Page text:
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Birth problems in obese pregnant women

Obese women go overdue, have long labour and have large babies more frequently than women who are not obese. This means obese mothers and their babies are at increased risk of traumatic deliveries by forceps or caesarean section.

These traumatic deliveries cause the mothers to be at increased risk of problems of bleeding, infection and blood clots. Their babies are at increased risk of stillbirth and birth trauma, as well as asphyxia (shortage of oxygen that leads to brain damage).

One of the factors underlying these problematic births is that obese women's uteruses do not contract as well as those of normal weight women. At the University of Warwick, there are world class experts in how the uterus contracts. Funding from the Grace Research Fund means that the scientists will use their expertise to work out why the obese women's uteruses contract so badly. The funding will pay for laboratory experiments on small pieces of tissue removed from women's uteruses during caesarean sections. These bits of the uterus contract in the laboratory just as the uterus contracts in labour. Once the scientists have worked out why the obese women's uteruses contract badly, they will try different combinations of treatments to get it to contract better.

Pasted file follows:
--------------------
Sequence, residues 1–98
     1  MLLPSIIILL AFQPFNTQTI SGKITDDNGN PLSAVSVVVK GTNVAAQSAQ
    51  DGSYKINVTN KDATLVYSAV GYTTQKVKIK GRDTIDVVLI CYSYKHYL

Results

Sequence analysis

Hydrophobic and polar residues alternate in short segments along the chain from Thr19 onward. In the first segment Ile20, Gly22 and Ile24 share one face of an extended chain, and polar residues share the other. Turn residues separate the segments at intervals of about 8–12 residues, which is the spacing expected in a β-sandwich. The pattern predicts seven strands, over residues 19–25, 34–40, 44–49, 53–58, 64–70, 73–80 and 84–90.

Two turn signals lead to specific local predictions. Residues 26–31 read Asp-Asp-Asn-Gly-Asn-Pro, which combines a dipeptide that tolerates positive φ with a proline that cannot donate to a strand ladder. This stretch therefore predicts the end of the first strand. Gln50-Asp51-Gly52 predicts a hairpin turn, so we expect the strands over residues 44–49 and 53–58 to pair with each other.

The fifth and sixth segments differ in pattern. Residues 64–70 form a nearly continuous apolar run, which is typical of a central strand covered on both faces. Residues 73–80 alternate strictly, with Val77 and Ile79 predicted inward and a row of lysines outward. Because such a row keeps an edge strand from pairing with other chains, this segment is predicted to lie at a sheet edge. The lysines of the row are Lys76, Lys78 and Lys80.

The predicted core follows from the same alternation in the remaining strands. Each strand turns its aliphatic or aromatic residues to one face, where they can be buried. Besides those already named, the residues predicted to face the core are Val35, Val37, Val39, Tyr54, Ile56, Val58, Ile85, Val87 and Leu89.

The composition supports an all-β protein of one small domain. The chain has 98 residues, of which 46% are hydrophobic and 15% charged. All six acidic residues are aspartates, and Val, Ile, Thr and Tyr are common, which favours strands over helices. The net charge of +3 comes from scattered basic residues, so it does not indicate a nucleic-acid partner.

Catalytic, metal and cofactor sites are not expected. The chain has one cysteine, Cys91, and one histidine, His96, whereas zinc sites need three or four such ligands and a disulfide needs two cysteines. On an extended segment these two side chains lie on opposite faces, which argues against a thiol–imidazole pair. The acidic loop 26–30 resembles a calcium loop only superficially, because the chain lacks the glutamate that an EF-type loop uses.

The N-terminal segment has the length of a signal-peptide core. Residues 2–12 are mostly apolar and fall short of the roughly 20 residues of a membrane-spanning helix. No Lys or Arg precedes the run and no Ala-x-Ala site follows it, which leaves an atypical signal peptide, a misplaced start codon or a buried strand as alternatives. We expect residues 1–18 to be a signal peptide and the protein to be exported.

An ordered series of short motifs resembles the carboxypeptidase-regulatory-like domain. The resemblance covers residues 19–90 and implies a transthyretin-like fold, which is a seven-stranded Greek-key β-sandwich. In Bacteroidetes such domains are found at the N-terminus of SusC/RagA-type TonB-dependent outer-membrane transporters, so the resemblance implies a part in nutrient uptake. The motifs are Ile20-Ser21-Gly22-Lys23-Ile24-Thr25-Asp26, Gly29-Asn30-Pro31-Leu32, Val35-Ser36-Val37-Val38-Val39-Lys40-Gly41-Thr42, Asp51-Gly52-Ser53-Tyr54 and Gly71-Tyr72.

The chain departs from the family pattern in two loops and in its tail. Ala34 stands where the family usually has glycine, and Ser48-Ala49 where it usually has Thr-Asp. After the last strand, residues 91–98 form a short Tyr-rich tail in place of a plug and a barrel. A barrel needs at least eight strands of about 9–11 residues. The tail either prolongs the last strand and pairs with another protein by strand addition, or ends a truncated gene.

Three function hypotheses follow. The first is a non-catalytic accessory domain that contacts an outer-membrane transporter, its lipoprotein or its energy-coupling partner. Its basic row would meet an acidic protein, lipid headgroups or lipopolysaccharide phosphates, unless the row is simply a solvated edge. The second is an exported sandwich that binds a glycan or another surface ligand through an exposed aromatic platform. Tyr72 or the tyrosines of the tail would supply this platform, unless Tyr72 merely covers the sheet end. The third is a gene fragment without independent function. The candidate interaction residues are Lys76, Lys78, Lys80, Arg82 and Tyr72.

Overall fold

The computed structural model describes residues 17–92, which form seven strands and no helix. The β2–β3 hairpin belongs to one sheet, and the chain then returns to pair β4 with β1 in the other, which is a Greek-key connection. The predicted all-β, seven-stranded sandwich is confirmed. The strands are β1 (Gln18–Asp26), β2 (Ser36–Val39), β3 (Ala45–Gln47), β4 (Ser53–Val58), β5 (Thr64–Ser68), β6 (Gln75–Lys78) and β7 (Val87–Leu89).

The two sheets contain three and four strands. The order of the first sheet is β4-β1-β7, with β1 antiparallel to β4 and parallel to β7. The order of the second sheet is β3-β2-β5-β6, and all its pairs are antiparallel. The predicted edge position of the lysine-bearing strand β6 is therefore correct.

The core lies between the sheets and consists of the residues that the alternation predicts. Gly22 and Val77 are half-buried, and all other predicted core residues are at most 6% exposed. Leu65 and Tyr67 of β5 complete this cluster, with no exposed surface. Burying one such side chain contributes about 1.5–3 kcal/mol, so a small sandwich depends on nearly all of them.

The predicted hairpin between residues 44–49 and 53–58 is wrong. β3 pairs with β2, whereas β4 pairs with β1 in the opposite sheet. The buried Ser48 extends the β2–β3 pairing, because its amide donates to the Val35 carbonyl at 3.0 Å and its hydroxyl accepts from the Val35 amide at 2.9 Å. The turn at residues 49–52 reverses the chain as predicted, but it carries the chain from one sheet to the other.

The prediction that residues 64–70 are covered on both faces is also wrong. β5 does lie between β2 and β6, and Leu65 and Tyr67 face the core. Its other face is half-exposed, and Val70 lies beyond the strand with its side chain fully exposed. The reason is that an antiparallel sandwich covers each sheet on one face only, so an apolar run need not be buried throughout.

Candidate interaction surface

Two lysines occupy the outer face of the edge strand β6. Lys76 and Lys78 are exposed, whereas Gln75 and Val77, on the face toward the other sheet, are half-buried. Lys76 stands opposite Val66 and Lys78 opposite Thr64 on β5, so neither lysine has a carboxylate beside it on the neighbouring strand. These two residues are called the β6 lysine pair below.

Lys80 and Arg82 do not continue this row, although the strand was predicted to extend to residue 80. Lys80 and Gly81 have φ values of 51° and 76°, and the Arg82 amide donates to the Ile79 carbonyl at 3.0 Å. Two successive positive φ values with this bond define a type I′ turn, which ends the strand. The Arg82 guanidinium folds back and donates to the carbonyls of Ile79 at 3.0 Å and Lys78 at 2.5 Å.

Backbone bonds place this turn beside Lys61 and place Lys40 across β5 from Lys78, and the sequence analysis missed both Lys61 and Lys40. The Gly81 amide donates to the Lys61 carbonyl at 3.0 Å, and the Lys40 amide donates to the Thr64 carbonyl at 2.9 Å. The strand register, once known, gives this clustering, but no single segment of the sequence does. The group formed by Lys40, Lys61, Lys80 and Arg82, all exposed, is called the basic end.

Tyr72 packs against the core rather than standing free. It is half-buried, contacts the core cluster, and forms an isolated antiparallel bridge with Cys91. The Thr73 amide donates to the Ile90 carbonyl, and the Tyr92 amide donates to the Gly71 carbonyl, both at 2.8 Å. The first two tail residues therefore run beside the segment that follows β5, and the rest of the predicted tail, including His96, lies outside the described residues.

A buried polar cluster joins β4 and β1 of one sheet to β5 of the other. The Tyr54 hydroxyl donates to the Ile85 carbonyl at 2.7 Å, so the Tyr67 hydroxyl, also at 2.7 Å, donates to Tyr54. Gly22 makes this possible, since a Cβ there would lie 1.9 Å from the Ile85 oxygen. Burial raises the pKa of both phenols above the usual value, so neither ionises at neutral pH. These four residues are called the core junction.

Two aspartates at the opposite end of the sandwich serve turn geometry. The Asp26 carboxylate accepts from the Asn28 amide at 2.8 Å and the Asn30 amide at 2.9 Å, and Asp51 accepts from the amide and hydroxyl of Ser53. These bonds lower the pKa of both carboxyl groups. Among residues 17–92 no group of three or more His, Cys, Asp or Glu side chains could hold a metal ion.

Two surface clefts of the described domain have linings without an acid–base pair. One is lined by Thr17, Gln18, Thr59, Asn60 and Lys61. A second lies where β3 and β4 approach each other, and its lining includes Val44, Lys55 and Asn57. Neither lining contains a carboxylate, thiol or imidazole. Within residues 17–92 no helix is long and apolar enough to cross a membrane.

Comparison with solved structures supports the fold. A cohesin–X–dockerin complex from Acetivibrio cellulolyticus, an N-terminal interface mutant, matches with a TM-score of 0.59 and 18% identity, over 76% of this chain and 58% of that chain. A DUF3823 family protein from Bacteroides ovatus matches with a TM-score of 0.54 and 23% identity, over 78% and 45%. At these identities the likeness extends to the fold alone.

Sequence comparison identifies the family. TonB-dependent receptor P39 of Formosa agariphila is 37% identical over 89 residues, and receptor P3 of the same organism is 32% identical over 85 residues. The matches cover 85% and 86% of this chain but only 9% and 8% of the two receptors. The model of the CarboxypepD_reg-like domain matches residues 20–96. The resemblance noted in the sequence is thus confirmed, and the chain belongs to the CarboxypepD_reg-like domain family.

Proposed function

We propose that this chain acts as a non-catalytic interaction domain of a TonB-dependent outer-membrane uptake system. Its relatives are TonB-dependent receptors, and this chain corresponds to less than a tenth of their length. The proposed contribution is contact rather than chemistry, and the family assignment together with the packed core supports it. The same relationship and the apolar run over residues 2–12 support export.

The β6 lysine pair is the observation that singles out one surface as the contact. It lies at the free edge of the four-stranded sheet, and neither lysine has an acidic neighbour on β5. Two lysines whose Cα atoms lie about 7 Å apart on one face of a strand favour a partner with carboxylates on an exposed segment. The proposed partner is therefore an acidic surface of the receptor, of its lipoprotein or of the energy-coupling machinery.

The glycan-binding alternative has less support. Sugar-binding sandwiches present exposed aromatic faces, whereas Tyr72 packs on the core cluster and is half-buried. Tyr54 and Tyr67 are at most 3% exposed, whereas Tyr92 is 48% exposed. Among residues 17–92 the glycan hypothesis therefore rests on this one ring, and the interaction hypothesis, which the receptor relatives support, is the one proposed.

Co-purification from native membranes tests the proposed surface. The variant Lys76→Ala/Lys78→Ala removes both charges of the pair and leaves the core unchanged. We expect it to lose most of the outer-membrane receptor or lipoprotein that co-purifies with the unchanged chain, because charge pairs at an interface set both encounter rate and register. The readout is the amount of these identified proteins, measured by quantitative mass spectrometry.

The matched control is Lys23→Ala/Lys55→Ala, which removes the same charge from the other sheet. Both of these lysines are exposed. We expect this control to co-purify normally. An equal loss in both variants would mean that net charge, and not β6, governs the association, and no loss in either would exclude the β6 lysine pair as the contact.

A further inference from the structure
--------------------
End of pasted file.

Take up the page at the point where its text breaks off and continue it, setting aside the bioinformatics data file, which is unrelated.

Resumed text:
The doctors will use the information from this study to apply for further funding to perfect the new treatments and trial them in women in labour.